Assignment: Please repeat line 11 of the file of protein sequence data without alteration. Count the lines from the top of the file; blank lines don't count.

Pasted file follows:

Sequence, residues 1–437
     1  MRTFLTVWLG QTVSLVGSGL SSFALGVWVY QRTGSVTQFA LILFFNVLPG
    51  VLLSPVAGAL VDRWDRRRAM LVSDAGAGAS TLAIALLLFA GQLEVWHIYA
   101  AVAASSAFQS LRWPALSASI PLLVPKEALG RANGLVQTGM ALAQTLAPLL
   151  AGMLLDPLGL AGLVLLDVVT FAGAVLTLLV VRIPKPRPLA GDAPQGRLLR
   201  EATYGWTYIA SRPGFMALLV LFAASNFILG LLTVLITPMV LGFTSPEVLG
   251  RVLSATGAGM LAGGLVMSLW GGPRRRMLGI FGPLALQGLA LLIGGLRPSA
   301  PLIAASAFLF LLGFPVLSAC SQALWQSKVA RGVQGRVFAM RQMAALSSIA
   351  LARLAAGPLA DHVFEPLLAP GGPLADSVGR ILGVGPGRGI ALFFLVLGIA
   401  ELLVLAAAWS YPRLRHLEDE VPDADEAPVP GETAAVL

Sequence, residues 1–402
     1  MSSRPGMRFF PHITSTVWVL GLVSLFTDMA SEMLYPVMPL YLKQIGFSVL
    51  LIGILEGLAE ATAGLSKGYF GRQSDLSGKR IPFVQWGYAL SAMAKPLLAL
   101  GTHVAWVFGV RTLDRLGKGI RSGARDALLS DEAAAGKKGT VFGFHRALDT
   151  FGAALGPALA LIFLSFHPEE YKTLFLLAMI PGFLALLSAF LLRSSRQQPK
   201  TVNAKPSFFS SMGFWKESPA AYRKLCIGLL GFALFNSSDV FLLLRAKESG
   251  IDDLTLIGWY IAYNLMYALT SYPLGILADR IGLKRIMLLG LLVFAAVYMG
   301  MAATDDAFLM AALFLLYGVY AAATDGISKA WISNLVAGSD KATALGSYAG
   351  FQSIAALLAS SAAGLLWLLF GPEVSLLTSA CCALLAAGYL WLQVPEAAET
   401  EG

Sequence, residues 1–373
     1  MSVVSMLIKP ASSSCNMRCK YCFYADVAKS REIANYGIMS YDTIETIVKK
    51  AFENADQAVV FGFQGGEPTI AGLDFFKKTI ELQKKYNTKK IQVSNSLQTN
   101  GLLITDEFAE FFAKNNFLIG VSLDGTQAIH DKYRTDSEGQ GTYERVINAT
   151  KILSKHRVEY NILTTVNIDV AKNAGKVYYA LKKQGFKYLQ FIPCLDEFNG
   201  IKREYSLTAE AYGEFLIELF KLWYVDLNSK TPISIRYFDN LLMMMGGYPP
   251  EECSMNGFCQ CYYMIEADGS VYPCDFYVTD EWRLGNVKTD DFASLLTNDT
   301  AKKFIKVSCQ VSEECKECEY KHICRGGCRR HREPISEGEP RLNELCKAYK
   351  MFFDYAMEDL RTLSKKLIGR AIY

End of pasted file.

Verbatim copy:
Sequence, residues 1–402